Building owners and roof system designers who are comparing two or more roof membrane types often ask the NRCA Technical Services team: “Which is better?”
The applicable ASTM International product standard and manufacturers’ product literature help make such determinations. To illustrate the point, I will use PVC and KEE as examples.
The U.S. product standard for PVC sheet membranes is ASTM D4434, “Standard Specification for Poly(Vinyl Chloride) Sheet Roofing.” The standard provides three classifications: Types II, III and IV. Type I, originally reserved for unreinforced sheet, is no longer applicable because the product has since been removed from the market.
Type II products are reinforced with fibers that have been incorporated into the production process. The fibers act as a carrier and do not appreciably affect physical property characteristics of the finished product (such as tensile strength or ultimate elongation) but may provide other desirable characteristics, such as dimensional stability.
Type III products are internally reinforced with fabric; in addition, they may have fabric backings.
Type IV products are internally reinforced with fabric and may have 36-mil minimum thickness fabric backings.
PVC sheets complying with the standard consist of PVC resin in amounts greater than 50% of the total polymer content compounded with plasticizers, stabilizers, fillers, pigments and other ingredients to satisfy the standard’s physical property requirements and accelerated weathering tests.
The U.S. product standard for KEE sheet membranes is ASTM D6754, “Standard Specification for Ketone Ethylene Ester Based Sheet Roofing.” It has no classifications.
KEE products complying with the standard are internally reinforced with fabric and consist of polymers and other compounding ingredients with the KEE polymer being a minimum 50% by weight of the polymer content of the sheet.
Some common physical requirements contained in ASTM D4434 and ASTM D6754 are shown in the figure.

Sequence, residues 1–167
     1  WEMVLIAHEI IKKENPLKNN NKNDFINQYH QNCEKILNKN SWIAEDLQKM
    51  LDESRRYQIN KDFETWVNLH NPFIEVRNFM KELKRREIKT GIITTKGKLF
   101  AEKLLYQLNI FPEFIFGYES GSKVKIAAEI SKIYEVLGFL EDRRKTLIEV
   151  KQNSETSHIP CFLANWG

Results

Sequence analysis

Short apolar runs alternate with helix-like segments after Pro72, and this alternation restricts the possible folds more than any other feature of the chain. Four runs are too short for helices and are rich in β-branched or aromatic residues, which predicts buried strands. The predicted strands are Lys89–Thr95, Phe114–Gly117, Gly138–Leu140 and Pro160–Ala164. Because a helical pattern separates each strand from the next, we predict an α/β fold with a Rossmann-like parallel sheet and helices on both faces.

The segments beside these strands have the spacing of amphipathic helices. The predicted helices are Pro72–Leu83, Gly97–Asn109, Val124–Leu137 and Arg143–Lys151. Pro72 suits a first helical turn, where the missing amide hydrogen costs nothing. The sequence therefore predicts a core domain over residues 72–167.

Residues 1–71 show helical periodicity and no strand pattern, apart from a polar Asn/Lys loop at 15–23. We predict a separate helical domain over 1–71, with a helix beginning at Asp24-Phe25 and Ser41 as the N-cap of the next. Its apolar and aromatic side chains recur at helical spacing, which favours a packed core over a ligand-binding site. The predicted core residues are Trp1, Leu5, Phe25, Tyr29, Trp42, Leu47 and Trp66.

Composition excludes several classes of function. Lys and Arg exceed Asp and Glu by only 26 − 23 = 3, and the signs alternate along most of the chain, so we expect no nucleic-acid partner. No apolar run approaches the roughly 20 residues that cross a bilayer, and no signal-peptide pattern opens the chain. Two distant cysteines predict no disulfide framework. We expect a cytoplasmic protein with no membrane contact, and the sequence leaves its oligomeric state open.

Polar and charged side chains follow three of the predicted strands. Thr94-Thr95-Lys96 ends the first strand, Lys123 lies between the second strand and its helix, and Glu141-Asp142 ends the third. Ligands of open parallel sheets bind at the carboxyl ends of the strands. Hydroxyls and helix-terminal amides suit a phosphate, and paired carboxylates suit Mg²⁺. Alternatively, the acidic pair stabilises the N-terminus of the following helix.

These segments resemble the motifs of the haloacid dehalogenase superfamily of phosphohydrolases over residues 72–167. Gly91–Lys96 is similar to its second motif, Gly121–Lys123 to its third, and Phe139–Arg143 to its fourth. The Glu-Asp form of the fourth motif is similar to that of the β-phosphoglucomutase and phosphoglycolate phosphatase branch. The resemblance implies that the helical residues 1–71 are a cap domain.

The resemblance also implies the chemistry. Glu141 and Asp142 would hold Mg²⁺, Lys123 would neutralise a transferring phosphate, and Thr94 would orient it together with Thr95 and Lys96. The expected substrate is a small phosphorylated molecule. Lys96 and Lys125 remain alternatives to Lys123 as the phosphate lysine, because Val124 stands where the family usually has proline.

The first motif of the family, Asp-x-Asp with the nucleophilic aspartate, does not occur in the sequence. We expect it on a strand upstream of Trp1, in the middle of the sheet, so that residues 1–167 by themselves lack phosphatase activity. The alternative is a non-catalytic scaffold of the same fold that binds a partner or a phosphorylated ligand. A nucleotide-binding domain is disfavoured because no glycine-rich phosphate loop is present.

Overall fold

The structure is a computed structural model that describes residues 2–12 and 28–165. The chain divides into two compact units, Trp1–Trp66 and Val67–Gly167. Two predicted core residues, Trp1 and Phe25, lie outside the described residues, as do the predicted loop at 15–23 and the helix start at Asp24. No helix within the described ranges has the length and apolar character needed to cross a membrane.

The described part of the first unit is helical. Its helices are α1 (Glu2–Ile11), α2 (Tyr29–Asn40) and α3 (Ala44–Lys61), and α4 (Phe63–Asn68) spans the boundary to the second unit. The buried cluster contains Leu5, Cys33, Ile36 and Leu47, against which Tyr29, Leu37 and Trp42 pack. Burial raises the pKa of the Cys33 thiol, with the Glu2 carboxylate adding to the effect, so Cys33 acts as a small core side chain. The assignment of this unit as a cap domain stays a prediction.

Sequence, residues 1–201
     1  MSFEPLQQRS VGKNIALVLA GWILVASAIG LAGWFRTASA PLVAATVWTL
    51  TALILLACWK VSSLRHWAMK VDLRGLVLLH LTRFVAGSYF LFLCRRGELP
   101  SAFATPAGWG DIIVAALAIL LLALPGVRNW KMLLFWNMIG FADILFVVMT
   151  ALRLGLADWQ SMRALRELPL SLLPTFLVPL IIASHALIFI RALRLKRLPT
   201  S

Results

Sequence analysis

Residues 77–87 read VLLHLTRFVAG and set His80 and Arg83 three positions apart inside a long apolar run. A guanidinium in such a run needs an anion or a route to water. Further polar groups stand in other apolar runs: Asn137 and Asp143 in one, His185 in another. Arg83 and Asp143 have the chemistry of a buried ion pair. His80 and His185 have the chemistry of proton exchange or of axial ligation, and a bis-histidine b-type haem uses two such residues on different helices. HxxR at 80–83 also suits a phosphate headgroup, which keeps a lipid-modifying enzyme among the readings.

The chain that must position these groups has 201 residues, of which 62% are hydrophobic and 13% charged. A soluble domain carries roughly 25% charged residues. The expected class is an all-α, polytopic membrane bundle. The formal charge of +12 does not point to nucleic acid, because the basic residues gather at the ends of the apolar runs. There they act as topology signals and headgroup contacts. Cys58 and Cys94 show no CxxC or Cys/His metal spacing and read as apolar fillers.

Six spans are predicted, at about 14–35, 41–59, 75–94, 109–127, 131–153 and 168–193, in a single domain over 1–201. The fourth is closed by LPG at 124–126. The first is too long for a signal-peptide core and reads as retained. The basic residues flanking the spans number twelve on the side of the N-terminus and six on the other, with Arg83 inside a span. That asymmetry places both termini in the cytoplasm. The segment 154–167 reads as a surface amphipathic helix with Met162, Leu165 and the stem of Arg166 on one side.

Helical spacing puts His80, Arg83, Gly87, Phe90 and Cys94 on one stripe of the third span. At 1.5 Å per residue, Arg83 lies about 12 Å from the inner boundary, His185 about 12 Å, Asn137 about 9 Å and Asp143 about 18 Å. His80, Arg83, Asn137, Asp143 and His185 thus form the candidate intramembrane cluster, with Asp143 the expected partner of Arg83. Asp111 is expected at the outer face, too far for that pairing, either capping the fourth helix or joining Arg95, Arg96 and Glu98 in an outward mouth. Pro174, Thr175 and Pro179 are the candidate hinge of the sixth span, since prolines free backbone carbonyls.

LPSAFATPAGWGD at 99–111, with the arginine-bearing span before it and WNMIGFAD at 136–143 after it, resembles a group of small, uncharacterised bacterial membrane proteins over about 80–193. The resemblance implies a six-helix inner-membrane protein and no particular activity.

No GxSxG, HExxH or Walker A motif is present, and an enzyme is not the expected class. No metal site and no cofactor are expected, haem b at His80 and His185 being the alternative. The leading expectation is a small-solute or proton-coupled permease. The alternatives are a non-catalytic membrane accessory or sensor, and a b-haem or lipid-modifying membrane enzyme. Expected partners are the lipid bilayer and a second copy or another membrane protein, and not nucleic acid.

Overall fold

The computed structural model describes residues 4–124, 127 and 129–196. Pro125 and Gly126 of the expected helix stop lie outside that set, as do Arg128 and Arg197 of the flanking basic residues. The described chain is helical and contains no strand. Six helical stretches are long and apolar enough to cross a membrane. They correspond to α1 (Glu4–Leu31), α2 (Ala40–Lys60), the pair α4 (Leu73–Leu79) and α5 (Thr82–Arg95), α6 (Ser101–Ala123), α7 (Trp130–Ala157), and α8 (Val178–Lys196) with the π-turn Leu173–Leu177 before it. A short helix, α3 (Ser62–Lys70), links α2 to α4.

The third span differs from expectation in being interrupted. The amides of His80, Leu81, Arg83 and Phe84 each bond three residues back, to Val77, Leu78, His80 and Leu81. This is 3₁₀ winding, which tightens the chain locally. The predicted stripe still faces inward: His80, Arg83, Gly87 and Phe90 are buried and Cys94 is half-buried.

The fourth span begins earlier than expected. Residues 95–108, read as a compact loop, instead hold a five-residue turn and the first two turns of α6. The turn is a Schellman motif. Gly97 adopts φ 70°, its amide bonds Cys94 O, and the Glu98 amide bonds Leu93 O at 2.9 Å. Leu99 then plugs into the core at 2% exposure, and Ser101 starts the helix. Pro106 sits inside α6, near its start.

ASTM D4434’s Types II and III physical requirements are based on minimum 45-mil sheet thicknesses, and Type IV is based on a 36-mil sheet thickness. ASTM D6754 is based on a minimum 32-mil sheet thickness. Other PVC and KEE membrane sheet thicknesses are available. Additional membrane thickness can affect some physical properties, including thickness over scrim, tear resistance and tear strength.
Manufacturers vary on how they present their products’ physical property values in product literature. Some manufacturers reference only the applicable product standard without referencing specific physical property information; other manufacturers provide some physical property data. Depending on the manufacturer, the physical property data provided may simply restate the minimum or maximum allowable values from the applicable product standard. Other manufacturers provide product data showing their products exceed the product standards’ minimum requirements.
Manufacturers typically consider PVC-KEE-alloy products that have KEE polymer content less than ASTM D6754’s minimum 50% by weight comply with ASTM D4434. These products, depending on their KEE content, typically have some KEE-like physical properties. With these products, reviewing their physical property values can be particularly helpful when making comparisons.
I encourage manufacturers to include ASTM International product standard designations—including any applicable type, class or grade classifications—in product literature. Also, manufacturers should include product-specific physical property data using the test method standards included in the applicable product standard.
Additional information about membrane products, including the applicable ASTM International product standards, is provided in The NRCA Roofing Manual: Membrane Roof Systems. You can purchase or download the manual (free for NRCA members) at shop.nrca.net.